In another embodiment of the invention, the spring liner further has on at least a portion of one or both circumferential edges a radially outwardly- flared flange.

It is another aspect of the present invention to provide an improved hose clamp assembly having an annular band having an inner face, a tensioner disposed to facilitate constriction of the band, and the annular spring liner as described above.

The foregoing has outlined rather broadly the features and technical advantages of the present invention in order that the detailed description of the invention that follows may be better understood. Additional features and advantages of the invention will be described hereinafter which form the subject of the claims of the invention. It should be appreciated by those skilled in the art that the conception and specific embodiment disclosed may be readily utilized as a basis for modifying or designing other structures for carrying out the same purposes of the present invention. It should also be realized by those skilled in the art that such equivalent constructions do not depart from the spirit and scope of the invention as set forth in the appended claims. The novel features which are believed to be characteristic of the invention, both as to its organization and method of operation, together with further objects and advantages will be better understood from the following description when considered in connection with the accompanying figures. It is to be expressly understood, however, that each of the figures is provided for the purpose of illustration and description only and is not intended as a definition of the limits of the present invention. B IEF DESCRIPTION OF THE DRAWINGS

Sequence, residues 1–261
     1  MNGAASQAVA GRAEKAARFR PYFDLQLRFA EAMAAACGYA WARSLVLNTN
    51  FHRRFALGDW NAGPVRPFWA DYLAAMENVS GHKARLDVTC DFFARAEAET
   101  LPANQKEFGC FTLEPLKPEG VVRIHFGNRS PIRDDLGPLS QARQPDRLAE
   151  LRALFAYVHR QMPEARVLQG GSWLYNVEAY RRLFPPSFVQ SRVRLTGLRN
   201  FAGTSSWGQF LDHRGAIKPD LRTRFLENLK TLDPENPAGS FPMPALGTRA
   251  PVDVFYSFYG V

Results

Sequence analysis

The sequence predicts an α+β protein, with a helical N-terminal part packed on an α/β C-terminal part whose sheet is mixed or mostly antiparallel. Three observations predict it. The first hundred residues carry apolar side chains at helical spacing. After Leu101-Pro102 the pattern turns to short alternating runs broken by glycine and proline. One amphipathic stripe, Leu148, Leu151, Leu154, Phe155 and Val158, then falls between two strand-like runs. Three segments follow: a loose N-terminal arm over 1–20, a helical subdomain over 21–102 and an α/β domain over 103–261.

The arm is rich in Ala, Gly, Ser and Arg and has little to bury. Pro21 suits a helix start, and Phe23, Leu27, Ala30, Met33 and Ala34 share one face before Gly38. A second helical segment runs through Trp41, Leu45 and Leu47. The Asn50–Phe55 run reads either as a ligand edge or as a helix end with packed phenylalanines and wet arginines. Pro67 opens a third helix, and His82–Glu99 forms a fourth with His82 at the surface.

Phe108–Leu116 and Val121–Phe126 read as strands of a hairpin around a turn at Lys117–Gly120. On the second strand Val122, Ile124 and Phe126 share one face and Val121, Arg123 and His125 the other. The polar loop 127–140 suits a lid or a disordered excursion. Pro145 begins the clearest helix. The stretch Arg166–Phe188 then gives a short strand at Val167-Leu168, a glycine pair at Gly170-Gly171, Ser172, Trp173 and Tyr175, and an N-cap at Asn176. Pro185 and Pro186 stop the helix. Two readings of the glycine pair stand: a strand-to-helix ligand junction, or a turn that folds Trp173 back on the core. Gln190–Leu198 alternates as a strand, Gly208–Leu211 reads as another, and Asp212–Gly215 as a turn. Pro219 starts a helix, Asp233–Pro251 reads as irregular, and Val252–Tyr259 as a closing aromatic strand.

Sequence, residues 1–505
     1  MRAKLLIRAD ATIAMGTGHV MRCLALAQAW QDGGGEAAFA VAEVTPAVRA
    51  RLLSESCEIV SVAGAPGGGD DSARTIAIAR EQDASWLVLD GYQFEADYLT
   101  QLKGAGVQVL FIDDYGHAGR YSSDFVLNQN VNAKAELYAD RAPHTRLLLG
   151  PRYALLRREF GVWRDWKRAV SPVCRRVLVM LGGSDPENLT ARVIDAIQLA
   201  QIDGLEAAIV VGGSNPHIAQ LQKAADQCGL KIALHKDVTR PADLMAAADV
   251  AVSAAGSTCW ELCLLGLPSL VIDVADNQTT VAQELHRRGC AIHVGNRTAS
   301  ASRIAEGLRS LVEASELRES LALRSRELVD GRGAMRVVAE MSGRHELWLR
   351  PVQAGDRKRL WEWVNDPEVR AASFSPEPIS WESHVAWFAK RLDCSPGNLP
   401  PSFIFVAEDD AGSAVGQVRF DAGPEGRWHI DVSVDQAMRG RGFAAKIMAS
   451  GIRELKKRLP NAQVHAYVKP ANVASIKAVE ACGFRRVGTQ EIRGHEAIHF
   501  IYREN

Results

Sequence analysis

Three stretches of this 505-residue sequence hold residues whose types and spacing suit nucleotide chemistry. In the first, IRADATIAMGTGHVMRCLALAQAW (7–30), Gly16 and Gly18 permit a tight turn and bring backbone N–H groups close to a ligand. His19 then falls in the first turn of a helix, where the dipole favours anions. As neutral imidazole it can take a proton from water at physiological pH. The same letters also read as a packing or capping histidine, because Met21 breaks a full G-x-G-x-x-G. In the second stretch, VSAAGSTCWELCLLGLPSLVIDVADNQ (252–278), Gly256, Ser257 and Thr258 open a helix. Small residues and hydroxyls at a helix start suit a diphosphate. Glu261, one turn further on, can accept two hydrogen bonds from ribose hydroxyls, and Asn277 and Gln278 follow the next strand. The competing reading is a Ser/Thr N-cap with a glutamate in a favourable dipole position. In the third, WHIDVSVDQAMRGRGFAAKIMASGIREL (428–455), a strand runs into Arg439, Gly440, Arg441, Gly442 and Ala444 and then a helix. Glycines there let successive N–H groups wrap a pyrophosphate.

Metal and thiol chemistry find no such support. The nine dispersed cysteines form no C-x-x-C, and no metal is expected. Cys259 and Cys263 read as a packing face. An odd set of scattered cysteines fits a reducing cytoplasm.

The accompanying drawings, which are incorporated in and form part of the specification in which like numerals designate like parts, illustrate embodiments of the present invention and together with the description, serve to explain the principles of the invention. In the drawings:

FIG. 1 is a perspective exploded view of a hose clamp assembly including clamp and spring liner in accordance with an embodiment of the present invention;

FIG. 2 is a partial sectional view of the spring liner of FIG. 1, taken along section 2-2;

FIG. 3 is a partially fragmented view of a hose clamp assembly including spring liner, hose, and fitting in accordance with an embodiment of the present invention; and

FIG. 4 is a graph of clamp pressure versus position around a hose for an embodiment of the invention and for two comparative examples.

DETAILED DESCRIPTION